Sample Spaces
A sample space is the set of all possible outcomes. However, some sample spaces are better than
others.
Consider the experiment of flipping two coins. It is possible to get 0 heads, 1 head, or 2 heads.
Thus, the sample space could be {0, 1, 2}. Another way to look at it is flip { HH, HT, TH, TT }.
The second way is better because each event is as equally likely to occur as any other.
When writing the sample space, it is highly desirable to have events which are equally likely.
Another example is rolling two dice. The sums are { 2, 3, 4, 5, 6, 7, 8, 9, 10, 11, 12 }. However,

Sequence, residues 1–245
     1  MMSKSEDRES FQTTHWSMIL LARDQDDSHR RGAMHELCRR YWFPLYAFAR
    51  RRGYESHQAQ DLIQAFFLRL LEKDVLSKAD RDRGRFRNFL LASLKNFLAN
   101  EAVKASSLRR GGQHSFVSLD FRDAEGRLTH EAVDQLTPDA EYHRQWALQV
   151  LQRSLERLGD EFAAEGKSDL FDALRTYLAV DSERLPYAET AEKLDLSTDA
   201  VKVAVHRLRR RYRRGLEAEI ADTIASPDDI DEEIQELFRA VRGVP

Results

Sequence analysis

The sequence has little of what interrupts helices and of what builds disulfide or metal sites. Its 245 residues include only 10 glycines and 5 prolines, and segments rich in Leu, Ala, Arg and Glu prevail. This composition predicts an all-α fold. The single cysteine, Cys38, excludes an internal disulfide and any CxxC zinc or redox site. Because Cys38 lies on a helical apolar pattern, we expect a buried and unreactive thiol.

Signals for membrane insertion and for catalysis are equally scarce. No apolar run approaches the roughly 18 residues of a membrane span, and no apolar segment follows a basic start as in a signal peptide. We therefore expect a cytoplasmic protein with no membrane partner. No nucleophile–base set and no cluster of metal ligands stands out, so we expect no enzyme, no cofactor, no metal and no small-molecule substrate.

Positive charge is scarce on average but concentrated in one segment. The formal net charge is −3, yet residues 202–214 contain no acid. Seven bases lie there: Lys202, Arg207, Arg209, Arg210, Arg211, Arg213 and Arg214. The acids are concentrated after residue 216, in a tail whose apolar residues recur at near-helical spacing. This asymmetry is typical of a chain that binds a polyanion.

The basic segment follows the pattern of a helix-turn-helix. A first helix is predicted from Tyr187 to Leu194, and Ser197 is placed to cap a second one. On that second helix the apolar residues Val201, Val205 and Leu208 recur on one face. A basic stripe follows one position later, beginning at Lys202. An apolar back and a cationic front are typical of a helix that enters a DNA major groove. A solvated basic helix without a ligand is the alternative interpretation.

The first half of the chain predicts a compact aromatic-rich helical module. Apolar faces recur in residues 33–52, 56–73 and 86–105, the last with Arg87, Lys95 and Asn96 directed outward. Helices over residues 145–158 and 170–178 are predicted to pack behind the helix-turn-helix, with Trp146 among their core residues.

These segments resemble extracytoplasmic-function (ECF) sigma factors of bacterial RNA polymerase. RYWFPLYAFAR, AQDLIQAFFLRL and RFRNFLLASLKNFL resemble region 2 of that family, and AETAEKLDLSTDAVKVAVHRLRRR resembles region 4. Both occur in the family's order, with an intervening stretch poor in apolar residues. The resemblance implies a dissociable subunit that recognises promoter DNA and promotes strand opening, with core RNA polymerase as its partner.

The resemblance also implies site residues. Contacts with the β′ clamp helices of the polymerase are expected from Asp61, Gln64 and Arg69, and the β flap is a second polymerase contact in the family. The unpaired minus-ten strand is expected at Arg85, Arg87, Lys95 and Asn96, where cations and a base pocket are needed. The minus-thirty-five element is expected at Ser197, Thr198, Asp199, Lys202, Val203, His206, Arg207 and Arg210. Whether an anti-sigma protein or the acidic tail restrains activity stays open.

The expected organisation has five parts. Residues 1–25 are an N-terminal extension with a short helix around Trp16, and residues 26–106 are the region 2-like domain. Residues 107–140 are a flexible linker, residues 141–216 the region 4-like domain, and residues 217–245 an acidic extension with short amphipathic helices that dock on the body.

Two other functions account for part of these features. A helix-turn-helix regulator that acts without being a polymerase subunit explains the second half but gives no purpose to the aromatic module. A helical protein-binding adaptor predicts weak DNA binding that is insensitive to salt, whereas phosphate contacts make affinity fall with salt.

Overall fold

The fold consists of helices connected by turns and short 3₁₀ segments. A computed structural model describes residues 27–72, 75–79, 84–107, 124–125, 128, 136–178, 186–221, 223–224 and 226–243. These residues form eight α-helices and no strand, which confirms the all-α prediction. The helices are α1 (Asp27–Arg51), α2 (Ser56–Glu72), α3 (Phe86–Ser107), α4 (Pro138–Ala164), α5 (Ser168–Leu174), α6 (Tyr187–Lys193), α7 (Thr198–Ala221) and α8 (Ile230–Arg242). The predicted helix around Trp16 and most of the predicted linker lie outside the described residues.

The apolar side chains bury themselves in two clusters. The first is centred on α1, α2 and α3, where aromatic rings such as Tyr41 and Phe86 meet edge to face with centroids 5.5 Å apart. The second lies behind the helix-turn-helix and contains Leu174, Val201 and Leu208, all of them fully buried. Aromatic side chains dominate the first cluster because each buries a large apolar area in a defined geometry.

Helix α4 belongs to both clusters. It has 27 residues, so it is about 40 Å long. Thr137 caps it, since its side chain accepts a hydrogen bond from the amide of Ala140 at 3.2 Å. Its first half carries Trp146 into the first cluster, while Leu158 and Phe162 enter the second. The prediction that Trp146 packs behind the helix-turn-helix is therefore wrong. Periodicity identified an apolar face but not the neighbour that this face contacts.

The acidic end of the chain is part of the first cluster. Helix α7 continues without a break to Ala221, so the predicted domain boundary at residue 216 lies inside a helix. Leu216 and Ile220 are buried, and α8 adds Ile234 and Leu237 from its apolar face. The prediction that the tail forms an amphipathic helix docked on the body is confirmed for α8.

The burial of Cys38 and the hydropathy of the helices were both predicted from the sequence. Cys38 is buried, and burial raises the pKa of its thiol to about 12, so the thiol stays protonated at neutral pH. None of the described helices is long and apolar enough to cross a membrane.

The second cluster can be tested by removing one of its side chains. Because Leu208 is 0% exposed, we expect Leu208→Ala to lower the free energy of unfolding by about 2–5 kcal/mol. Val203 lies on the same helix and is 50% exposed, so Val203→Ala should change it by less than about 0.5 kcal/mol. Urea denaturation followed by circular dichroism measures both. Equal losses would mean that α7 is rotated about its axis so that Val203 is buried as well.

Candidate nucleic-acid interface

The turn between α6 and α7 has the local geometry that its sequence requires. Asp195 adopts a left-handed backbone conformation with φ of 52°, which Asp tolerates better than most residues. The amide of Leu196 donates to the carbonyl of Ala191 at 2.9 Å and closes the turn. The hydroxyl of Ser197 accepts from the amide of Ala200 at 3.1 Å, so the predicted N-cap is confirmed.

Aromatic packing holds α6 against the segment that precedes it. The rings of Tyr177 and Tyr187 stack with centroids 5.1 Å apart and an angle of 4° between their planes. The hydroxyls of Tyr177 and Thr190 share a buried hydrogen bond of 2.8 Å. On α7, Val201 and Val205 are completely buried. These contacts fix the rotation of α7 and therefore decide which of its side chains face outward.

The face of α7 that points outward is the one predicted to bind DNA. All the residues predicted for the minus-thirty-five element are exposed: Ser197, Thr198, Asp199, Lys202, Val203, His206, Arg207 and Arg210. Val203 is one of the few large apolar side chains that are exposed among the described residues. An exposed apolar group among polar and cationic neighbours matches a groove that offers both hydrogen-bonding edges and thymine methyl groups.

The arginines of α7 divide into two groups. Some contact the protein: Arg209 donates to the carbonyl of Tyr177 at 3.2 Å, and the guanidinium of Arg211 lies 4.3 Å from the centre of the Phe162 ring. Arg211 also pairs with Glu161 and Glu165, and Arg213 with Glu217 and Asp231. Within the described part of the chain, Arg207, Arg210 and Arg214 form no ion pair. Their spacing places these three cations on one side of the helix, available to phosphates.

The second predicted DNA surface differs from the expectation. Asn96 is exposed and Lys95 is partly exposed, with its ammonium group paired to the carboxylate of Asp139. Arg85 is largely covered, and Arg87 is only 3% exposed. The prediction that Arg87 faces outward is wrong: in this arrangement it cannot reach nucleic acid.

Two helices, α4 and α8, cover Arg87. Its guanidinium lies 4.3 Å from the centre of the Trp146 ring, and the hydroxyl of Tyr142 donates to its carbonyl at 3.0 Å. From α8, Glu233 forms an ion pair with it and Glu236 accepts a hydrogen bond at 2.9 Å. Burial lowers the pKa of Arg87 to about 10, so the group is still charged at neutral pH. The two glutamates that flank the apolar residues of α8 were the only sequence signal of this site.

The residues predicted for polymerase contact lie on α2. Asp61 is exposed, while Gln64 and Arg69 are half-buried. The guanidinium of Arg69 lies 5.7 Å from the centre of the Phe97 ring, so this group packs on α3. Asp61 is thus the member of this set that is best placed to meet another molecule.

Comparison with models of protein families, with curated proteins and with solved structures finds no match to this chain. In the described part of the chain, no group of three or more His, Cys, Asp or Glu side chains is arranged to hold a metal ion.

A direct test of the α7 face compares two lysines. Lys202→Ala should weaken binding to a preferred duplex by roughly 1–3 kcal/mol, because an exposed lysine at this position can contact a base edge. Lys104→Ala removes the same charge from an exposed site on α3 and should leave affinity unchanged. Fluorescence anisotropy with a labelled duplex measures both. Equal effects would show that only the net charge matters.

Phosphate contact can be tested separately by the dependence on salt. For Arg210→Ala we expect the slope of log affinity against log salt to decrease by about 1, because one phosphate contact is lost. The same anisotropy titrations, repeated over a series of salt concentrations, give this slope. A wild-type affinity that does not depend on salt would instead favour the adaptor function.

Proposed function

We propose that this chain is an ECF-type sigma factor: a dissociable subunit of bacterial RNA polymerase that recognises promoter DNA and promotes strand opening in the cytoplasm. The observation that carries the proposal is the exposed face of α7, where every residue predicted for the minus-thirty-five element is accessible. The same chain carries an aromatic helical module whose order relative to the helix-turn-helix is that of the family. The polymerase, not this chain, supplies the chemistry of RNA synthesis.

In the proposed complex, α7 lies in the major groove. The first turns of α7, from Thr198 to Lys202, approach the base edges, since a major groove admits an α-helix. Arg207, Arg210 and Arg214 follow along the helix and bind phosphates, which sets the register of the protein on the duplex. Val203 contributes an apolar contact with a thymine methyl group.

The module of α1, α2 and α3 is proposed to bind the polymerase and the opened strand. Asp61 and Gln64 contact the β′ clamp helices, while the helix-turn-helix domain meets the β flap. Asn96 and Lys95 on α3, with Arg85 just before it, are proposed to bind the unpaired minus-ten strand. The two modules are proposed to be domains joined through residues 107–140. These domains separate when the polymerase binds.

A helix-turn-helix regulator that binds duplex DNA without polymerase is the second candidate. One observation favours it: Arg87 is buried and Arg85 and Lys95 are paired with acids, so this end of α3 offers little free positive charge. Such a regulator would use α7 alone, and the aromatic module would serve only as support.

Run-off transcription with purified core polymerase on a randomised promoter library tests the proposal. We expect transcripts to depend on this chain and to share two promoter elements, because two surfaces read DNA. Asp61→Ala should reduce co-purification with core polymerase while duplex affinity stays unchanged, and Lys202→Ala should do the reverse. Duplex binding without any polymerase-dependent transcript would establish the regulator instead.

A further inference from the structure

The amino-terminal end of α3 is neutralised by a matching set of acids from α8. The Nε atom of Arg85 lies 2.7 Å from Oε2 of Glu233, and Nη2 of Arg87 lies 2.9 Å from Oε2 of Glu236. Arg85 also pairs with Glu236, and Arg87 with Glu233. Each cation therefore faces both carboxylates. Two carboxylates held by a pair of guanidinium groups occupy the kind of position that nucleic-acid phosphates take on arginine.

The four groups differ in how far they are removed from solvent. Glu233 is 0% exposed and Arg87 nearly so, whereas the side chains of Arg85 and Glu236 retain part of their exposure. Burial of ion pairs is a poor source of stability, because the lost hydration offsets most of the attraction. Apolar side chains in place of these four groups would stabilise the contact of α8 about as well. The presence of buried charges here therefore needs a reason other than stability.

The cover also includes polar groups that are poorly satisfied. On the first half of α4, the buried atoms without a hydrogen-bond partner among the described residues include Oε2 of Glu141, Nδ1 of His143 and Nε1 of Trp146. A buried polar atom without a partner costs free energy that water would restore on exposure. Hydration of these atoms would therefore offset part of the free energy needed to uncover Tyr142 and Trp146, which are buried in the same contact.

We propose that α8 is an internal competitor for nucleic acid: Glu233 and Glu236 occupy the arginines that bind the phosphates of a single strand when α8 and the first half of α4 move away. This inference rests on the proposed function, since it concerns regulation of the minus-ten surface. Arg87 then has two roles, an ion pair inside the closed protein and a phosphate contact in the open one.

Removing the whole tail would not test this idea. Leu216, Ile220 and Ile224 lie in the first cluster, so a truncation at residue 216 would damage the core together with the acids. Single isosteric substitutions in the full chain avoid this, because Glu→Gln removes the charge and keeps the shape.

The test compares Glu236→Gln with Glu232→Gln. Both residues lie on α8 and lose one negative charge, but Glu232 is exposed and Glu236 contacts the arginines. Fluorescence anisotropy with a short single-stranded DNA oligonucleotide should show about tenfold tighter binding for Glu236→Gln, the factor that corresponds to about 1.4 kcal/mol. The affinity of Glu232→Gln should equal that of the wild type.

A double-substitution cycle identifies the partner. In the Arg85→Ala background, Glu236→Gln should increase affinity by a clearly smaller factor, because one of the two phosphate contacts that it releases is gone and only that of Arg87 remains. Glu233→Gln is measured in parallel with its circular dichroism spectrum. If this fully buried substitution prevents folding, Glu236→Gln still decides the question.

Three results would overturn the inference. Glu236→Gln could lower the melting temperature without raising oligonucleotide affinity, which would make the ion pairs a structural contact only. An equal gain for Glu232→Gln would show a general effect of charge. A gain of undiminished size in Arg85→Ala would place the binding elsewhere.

each of these aren't equally likely. The only way to get a sum 2 is to roll a 1 on both dice, but you
can get a sum of 4 by rolling a 1-3, 2-2, or 3-1. The following table illustrates a better sample
space for the sum obtain when rolling two dice.
First Die
Second Die
1
2
3
4
5
6
1
2
3
4
5
6
7
2
3
4
5
6
7
8
3
4
5
6
7
8
9
4
5
6
7
8
9
10
5
6
7
8
9
10
11
6
7
8
9
10
11
12
Classical Probability
The above table lends itself to describing data another way -- using a probability distribution.
Let's consider the frequency distribution for the above sums.